Tuesday, 5 July 2016

Sir Nigel by Sir Arthur Conan Doyle

I read Sir Nigel by Sir Arthur Conan Doyle recently at my “Lunch with Dickens” book group and it is also one of my 50 books to read for the Classics Club book challenge.  Sir Nigel was written in 1906 and is a historical novel.  It is set between 1350 and 1356 during the Hundred Years War and describes the early life of a young English squire, Nigel Loring, up to the time when he is knighted.  It is the prequel to the White Company although at the end of Sir Nigel we find out what happens in his later life.

Nigel becomes a squire to Sir John Chandon and goes off to fight in France.  Before leaving he promises Lady Mary that he will perform three deeds of honour so that he can be worthy of her hand in marriage.

I enjoyed the book which was well written – the use of use of medieval words and phrases give a flavour of the times but without posing any problems to understanding the story. 
The book was fast moving and funny in parts.  Sir Nigel was an honest, brave young man who wanted to do his best for his king and for Mary.  It was interesting to find out about the strict rules knights had to follow.  I enjoyed the description of the English sneaking into the castle of the Butcher of La Brohinière through the tunnel. Parts of the story were quite bloodthirsty especially the descriptions of how the dead were treated and how the archers went around gathering back their arrows from the battlefield.  However, life was very different in the 14th century.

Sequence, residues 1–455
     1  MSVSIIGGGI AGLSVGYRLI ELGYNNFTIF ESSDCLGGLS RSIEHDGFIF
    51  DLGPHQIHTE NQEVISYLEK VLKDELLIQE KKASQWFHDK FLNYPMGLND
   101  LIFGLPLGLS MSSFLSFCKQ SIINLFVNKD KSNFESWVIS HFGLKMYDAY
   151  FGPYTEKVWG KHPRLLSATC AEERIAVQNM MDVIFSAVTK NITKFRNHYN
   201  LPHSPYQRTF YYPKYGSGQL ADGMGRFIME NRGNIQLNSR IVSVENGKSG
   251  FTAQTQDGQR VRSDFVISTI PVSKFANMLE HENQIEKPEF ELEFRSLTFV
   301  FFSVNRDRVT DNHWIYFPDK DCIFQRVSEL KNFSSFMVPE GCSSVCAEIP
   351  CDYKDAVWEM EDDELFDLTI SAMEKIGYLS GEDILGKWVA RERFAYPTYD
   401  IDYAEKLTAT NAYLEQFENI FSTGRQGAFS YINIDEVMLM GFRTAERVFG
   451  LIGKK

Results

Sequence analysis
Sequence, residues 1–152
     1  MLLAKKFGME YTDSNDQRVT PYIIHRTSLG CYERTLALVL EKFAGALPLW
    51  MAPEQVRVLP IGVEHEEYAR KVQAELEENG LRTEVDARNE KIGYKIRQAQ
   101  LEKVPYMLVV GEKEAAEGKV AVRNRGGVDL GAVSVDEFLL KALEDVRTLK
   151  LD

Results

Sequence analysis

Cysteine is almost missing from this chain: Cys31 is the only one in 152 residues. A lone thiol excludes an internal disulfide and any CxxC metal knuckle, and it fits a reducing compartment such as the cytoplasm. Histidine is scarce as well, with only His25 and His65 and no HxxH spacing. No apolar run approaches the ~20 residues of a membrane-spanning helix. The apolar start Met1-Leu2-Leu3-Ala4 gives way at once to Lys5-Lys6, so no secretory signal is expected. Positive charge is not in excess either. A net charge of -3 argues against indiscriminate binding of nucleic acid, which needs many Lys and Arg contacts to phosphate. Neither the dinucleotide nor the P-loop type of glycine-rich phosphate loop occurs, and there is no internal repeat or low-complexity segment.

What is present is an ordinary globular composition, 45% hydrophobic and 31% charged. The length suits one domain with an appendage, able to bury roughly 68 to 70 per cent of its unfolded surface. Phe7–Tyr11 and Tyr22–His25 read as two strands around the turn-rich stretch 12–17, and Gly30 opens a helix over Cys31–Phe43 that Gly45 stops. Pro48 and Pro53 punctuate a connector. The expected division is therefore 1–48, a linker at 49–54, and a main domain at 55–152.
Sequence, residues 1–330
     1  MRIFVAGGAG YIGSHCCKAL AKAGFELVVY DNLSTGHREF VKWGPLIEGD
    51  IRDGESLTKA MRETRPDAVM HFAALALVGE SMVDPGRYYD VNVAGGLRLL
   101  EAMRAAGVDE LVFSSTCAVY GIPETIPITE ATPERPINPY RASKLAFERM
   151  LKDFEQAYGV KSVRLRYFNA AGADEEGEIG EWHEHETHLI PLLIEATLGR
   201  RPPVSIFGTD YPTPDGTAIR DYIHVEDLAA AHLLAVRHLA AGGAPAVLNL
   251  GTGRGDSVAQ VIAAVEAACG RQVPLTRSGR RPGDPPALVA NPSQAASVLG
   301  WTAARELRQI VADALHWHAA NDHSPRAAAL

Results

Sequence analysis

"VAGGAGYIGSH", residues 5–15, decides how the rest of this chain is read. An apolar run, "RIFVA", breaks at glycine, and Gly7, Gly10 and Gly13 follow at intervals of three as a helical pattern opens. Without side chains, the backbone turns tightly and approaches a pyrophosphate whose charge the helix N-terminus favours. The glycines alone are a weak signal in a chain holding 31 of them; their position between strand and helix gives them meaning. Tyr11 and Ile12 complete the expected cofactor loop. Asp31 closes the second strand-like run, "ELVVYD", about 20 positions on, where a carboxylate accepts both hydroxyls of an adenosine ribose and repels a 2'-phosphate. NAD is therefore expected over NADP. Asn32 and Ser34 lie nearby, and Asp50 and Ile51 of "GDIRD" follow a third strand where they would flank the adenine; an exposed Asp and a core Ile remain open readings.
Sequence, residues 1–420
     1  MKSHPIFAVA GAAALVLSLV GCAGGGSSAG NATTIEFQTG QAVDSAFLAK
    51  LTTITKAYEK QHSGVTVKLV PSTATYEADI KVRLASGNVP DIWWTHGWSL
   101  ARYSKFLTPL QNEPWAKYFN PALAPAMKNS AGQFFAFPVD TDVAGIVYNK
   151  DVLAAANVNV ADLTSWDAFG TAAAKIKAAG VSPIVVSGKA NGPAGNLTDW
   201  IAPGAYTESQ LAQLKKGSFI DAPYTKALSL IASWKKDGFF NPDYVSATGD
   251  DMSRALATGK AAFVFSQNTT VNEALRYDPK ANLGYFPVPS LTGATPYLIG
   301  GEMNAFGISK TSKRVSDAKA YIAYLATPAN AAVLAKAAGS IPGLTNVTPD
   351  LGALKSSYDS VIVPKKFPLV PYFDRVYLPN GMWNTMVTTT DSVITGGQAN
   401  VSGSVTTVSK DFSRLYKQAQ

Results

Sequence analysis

Here are some quotes which give a flavour of the book.
"Over the winding river, across the green meadows, rose the short square tower and the high grey walls of the grim Abbey, with its bell tolling by day and night, a voice of menace and of dread to the little household."
"There are two seasons of colour in those parts: the yellow, when the countryside is flaming with the gorse-blossoms, and the crimson, when all the long slopes are smouldering with the heather."
"The visors had been closed, and every man was now cased in metal from head to foot, some few glowing in brass, the greater number shining in steel.  Only their fierce eyes could be seen smouldering in the dark shadow of their helmets.  So for an instant they stood glaring and crouching."
Sir Nigel is very different from the Sherlock Holmes novels but Conan Doyle thought his historical books were some of his best work.  I will certainly read The White Company sometime.
Sir Arthur Conan Doyle





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